4. Subtract the contract revenue allowed to date through the foregoing period from the complete amount of revenue that be accepted. Recognise the development in the current accounting period.
  5. Consider the cost of the received revenue in the same manner. This means raising the same percentage of completion by the total supposed contract cost, and subtracting the amount formerly realised to arrive at the cost of collected revenue to be recognised in the current accounting period.

Calculations[edit]

The following calculation is used to determine the completion percentage:[12]

Percent Complete = Cost Incurred to Date / Total Cost Estimate

The current period revenue to be recognised during production would then be:

Current Period Revenue = (Percent Complete x Total Contract Revenue) - Revenue Recognised in Prior Periods

Production Accounting[edit]

Production Accounting involves the person who is essential in the film industry to manage the finances and financial records during the film production. Working in this position requires being in close association with the producer and the production office for the development of the film budget and to arrange schedules. Further into this role, as the accountant for a film, day-to-day duties are expected such as the normal accounting tasks of an office and maintaining the budget by recording the expenses accumulated to make secure they do not go over the allocated budget.[13]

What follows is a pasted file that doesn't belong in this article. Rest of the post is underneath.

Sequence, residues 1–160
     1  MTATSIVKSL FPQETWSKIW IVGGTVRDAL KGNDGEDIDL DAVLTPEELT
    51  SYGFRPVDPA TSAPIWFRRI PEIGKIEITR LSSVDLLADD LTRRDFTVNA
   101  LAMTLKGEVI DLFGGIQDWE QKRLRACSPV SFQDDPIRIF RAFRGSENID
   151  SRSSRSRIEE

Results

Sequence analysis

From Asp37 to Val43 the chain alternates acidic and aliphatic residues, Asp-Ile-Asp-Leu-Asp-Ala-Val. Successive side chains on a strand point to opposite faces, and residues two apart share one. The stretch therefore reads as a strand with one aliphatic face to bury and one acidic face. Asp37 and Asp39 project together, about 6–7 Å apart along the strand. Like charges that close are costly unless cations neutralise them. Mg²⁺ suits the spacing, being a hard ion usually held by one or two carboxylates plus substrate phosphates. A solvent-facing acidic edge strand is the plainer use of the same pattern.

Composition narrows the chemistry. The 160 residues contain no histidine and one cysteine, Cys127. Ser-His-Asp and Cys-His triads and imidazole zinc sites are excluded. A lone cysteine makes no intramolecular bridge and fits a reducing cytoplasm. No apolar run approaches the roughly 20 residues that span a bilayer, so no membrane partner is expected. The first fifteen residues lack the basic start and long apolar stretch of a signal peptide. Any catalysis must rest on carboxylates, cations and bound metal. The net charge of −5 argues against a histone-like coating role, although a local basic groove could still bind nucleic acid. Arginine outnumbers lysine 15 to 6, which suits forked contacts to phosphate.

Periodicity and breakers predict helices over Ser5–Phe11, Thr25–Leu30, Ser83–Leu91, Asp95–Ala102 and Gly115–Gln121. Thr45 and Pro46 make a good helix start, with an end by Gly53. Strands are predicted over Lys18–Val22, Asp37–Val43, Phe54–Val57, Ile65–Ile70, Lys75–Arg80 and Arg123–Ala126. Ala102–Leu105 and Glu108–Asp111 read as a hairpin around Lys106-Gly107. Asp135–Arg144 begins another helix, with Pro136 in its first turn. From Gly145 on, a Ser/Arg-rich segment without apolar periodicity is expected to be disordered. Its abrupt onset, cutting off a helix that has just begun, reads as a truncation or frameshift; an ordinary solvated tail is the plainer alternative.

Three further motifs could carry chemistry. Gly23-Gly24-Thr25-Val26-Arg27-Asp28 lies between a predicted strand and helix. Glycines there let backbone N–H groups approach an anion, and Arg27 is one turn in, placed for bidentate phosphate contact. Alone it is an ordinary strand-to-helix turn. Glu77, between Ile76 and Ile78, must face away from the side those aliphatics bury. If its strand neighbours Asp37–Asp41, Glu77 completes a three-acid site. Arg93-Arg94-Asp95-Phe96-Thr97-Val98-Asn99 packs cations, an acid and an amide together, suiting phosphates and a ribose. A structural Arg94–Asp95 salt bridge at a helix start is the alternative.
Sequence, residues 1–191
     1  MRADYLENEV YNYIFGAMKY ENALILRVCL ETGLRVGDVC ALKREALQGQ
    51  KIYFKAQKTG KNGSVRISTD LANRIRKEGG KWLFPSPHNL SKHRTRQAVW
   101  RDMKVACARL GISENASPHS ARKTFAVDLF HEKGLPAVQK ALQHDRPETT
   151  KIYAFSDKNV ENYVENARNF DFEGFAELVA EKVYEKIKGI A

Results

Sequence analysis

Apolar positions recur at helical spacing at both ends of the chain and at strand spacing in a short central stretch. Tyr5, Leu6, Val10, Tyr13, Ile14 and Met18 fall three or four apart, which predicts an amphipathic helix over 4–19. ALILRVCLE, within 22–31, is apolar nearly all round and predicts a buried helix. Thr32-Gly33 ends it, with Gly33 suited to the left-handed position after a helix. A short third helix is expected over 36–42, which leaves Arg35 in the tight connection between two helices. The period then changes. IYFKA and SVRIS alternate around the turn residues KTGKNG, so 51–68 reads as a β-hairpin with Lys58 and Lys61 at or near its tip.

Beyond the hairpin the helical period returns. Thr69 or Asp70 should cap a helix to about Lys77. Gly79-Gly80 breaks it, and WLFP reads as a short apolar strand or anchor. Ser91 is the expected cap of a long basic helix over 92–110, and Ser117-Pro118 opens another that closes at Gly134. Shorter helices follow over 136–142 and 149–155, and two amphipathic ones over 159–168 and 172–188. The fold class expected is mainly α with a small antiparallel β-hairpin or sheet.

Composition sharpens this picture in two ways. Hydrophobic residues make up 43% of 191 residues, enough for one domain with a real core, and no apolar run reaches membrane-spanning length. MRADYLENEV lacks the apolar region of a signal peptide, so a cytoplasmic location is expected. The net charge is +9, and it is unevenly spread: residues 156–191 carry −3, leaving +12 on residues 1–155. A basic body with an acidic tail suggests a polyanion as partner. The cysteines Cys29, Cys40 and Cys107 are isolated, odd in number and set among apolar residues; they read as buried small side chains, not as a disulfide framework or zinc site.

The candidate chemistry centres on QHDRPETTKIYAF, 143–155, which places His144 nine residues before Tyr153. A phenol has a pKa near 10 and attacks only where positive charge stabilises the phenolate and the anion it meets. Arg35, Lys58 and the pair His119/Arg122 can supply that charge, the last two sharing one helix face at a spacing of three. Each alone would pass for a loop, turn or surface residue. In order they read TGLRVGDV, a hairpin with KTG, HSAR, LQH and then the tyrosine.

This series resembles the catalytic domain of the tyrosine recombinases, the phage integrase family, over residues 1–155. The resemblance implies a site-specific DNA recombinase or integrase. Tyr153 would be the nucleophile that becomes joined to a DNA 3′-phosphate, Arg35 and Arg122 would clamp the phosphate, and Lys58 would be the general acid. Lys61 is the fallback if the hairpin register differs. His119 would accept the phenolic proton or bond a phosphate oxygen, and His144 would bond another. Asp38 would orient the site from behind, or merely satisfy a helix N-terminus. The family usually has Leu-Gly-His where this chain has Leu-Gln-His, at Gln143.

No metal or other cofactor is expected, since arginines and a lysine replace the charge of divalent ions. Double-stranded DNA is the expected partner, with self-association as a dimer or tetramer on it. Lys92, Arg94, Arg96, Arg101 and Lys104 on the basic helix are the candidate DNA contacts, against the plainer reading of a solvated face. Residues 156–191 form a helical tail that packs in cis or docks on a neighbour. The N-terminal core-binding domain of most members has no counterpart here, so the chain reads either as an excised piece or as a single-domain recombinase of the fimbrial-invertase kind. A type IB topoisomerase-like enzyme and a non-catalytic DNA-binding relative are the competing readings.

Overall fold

Other duties of the production accountant include:[13]

  • Managing the payroll
  • Managing the petty cash
  • Analysing costs
  • Provide weekly cash reports
  • Estimating future costs

See also[edit]

References[edit]

  1. ^ a b "What is Project Accounting? - PROJECT ACCOUNTING AUSTRALIA". PROJECT ACCOUNTING AUSTRALIA. Retrieved 2017-11-10. 
  2. ^ a b Lachal, Justin; McNeil, Charles; Tong, Lincoln; McCoy, Kevin (September 2016). "Project Accounting". Business Insights. Chartered Accountants Australia and New Zealand. 
  3. ^ Managing Successful Projects within PRINCE2®. Norwich: AXELOS Limited. 2014. 
  4. ^ Rothergill, Rik (4 March 2014). "Abel's Project Accounting". Abel Software. Retrieved 10 Nov 2017. 
  5. ^ a b c d "Software Guide and Definitions". Accounting Software Experts. 2015. 
  6. ^ a b Thomson, Jessica. "What You Know About Project Accounting". editorialtoday.com. Retrieved 10 Nov 2017. 
  7. ^ a b c d "Percentage of Completion Method". Accouting Tools. Retrieved 10 Nov 2017. 
  8. ^ Finch, Curt (November 2007). "Why Project Accounting?". Strategic Finance. Institute of Management Accountants. November 2007: 25–29. 
  9. ^ Gofman, Dina; Duggineni, Lourdes (28 Aug 2016). "Why your finance team might cut your project budget?". projectaccouting.com.au. Retrieved 10 Nov 2017. 
  10. ^ "Project accountant job description". AccountingTools. Retrieved 2017-11-10. 
  11. ^ "Project Accountant Salary (Australia)". PayScale - Human. Capital. 27 Oct 2017. Retrieved 10 Nov 2017. 
  12. ^ "Percentage-of-Completion Method". Money-Zine. Retrieved 10 Nov 2017. 
  13. ^ a b "What Is The Job Of Production Accountant?". Accounting Crossing. Retrieved 10 Nov 2017. 

External links[edit]